I loathe "signature style" too. My last "signature style" probably would have been my paintings from 2007, but I kept going somewhere different, more challenging. I finally accepted the diversity within the work as the work, but even so, it requires a knowing audience lest they think you're a dilettante. And there always going to be someone who's not on board. I will look up that interview. I like nozkowski.

Carla said...

There is something poignantly funny about the painting, to me anyway. At this scale, it wants to read as a big bad-ass graphic/pop plant painting, but it's so delicately rendered, that it falls in some other territory.

Was your sitter in the 92 degree heat too?

Mary Addison Hackett said...

I think nearly all of my work is poignantly funny by default. I came across an index card where I had written down what my ex had said about my work- that my paintings looked like I "didn't quite get my arm out of my sleeve when I painted it." It still brings a chortle and tears of funny (mixed in with the bittersweet) to my eyes.

Awkward people paint awkward pics. If only I didn't have those 2 art degrees, I could exist quite happily in the realm of the outsider. Curse conceptual art and postmortem theory.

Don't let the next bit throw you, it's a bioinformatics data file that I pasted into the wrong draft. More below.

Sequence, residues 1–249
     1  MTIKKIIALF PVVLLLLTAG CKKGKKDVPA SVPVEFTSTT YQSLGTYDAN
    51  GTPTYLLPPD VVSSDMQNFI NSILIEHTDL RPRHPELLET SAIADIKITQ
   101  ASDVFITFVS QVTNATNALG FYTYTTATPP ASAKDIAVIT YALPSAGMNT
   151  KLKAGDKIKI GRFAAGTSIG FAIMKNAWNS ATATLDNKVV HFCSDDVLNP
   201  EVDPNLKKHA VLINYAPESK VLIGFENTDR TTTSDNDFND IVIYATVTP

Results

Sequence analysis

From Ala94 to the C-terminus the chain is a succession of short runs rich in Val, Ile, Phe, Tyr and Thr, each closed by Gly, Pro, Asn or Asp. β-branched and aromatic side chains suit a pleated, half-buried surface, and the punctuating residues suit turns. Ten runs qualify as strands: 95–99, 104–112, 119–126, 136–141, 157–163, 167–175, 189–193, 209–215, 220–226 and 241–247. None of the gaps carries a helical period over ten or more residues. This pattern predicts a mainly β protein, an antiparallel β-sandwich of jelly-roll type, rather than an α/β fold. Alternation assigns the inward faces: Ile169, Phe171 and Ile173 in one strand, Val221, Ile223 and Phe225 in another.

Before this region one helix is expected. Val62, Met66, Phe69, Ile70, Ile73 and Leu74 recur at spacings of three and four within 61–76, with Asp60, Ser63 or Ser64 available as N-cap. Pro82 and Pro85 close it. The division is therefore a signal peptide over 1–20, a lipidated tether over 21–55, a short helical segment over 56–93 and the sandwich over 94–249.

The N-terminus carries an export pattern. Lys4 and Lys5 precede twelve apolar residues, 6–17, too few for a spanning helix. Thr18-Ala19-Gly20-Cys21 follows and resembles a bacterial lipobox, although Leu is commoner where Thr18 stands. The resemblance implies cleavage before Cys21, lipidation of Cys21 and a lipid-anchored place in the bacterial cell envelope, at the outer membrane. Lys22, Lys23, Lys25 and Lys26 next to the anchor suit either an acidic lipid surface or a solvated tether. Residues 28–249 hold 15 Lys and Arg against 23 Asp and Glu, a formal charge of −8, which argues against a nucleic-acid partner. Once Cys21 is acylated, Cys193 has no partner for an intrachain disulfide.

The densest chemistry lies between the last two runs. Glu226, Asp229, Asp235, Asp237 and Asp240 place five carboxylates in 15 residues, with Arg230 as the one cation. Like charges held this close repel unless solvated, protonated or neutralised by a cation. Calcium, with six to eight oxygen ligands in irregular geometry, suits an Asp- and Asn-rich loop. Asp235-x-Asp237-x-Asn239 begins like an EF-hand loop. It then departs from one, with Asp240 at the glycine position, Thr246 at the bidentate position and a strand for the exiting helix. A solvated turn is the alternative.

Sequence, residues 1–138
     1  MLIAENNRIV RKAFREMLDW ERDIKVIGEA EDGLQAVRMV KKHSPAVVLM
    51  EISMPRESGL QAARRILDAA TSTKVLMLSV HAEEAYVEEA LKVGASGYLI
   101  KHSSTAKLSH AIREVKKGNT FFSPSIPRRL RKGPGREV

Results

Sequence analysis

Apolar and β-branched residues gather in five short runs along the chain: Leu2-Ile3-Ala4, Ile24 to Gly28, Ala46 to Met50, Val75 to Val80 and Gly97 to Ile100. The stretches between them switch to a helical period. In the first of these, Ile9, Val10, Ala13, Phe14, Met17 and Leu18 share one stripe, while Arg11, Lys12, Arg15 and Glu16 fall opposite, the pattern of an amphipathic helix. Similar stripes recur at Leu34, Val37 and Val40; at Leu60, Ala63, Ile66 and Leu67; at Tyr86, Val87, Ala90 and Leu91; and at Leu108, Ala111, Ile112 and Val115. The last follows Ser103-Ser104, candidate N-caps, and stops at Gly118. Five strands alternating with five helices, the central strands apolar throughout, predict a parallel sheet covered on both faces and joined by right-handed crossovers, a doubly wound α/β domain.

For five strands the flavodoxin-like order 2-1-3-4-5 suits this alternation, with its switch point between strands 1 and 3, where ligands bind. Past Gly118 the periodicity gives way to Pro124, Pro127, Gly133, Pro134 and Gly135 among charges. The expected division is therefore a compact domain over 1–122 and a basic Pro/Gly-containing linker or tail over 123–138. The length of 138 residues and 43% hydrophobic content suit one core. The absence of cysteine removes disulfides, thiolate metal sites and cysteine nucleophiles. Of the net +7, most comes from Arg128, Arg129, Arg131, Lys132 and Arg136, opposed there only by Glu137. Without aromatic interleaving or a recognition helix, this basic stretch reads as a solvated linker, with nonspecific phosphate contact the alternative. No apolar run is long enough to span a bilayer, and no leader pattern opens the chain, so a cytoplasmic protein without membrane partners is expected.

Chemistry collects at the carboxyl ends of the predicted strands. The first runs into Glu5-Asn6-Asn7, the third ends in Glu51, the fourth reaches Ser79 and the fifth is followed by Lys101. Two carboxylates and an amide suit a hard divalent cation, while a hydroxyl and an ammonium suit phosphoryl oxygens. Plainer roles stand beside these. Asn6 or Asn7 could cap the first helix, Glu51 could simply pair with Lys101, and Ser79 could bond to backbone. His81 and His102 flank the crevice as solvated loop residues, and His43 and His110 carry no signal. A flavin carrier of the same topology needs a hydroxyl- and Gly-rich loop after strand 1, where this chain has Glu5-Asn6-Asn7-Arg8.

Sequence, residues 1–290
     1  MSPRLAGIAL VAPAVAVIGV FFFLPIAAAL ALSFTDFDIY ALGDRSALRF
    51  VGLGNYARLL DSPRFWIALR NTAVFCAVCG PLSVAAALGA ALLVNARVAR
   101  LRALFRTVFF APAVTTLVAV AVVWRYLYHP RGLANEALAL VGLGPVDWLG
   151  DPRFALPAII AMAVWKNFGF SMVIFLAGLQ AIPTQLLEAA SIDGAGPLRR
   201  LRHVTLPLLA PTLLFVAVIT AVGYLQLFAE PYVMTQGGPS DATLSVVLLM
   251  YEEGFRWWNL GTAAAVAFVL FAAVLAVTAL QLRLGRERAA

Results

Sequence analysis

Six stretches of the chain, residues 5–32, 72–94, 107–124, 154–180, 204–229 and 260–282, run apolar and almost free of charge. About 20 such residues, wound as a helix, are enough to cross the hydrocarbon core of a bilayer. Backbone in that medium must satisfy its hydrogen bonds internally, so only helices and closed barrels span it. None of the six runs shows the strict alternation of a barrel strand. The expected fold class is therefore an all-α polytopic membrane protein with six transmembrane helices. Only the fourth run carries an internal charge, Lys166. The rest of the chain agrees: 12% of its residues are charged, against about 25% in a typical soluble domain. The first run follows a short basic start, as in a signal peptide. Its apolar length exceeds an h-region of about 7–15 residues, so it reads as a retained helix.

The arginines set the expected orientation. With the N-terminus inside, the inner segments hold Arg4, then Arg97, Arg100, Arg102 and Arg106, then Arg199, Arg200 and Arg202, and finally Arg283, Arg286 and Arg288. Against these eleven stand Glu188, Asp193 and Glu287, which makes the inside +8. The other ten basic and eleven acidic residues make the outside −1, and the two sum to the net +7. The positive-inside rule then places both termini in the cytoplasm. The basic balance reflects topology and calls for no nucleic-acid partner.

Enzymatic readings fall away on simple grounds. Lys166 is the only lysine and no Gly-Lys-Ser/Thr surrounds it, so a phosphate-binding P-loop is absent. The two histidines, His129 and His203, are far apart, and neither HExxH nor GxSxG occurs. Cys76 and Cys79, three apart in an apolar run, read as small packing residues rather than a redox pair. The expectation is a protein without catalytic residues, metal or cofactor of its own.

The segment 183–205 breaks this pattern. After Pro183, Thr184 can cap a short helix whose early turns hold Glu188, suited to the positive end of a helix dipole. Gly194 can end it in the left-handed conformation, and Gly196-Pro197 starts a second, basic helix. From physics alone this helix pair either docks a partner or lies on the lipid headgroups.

No, we were inside.

Elaine Mari said...

To me, when I crop off the top bit, it becomes something elegant and lovely in it's poignancy, I hope you don't mind me saying that. It has everything, awkwardness, elegance, emotion, daring. I like it very much.

Mary Addison Hackett said...

No, i don't mind, but what top bit are you referring to? I hate sounding like a formalist, but I'm attached to the window pane. I have to put the shake-a-pudding text on the cup. I mean, I don't HAVE to, but I need to.

Mary Addison Hackett said...

Oh, and thank you. These rep works are fun, but vulnerable.

Elaine Mari said...

Oh, I just meant, when I crop out the background, not anything on the painting. I find the line matching up funny too, but without it and the blue tape on the wall behind you can see the aspects of the painting I was talking about. Putting the Shake a Pudding on it will bring it into something more, I am looking forward to seeing it.